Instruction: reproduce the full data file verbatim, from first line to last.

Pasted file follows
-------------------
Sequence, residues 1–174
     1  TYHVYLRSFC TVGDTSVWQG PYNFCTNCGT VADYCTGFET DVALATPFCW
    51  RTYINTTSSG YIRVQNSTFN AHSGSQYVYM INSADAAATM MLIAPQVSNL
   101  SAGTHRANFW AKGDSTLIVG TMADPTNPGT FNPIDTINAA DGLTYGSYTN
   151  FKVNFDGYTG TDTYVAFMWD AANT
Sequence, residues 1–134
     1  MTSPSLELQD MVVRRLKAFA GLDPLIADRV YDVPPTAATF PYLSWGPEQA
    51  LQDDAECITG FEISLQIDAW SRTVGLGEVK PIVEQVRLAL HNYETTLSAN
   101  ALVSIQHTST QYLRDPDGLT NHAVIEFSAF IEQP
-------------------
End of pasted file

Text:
Sequence, residues 1–174
     1  TYHVYLRSFC TVGDTSVWQG PYNFCTNCGT VADYCTGFET DVALATPFCW
    51  RTYINTTSSG YIRVQNSTFN AHSGSQYVYM INSADAAATM MLIAPQVSNL
   101  SAGTHRANFW AKGDSTLIVG TMADPTNPGT FNPIDTINAA DGLTYGSYTN
   151  FKVNFDGYTG TDTYVAFMWD AANT
Sequence, residues 1–134
     1  MTSPSLELQD MVVRRLKAFA GLDPLIADRV YDVPPTAATF PYLSWGPEQA
    51  LQDDAECITG FEISLQIDAW SRTVGLGEVK PIVEQVRLAL HNYETTLSAN
   101  ALVSIQHTST QYLRDPDGLT NHAVIEFSAF IEQP